What gets you out of bed in the morning?

If I had it my way I wouldn’t go to bed, that’s probably why I don’t sleep that much, there’s too much to do. Or maybe it’s a cat sitting on your chest. A child laughing or crying. An early flight. A song idea from a dream.

Everyone has a dirty little secret, what’s yours?

If I were to tell then it’s no longer a secret. That’s one of the problems in life; no one can keep a secret. So then you have this other question “who can you confide in?” Do you have to make people sign confidentiality agreements before you start a conversation? So many times you have an idea and chat to someone about it, and next thing you know they’re claiming credit for it or doing it themselves. I know I should talk less and act more. Action not re-action. See ranting on. Next question…

 If today was your last day on earth, what would you do?

Skype the world, massive conference call to family and friends. Party, lots of hugs. Kiss random strangers, But most importantly wonder why it was my last day on earth. What had I done? Was it everyone’s last day or just mine? Who decided it would be the last day for me? So many questions.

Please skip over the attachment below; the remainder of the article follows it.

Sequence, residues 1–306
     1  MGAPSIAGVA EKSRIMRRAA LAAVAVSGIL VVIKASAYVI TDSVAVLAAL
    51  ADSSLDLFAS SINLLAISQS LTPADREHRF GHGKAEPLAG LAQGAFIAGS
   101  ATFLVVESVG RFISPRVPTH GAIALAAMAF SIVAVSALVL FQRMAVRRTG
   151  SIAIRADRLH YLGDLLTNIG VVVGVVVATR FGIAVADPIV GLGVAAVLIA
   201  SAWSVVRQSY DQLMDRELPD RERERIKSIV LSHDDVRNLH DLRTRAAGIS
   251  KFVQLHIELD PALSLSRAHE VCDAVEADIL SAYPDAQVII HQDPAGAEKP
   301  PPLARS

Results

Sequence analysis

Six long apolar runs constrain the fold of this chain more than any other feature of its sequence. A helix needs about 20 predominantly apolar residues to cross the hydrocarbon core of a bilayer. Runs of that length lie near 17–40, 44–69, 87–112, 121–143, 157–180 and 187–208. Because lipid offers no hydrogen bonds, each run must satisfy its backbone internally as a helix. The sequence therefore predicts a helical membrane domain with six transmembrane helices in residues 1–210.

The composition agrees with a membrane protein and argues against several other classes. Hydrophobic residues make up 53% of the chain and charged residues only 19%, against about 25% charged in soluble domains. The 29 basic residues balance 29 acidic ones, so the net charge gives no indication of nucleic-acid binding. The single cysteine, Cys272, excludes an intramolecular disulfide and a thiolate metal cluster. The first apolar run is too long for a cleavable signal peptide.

What is your happy place?

In the studio recording, fly fishing in some beautiful location, Playing live to an audience that is getting right into it and everyone is fully connected, lost in the music and the moment and nothing else matters. AND… Somewhere that will explain why it was my last day on earth. It’s still got me confused.

What will you be doing for the rest of 2013?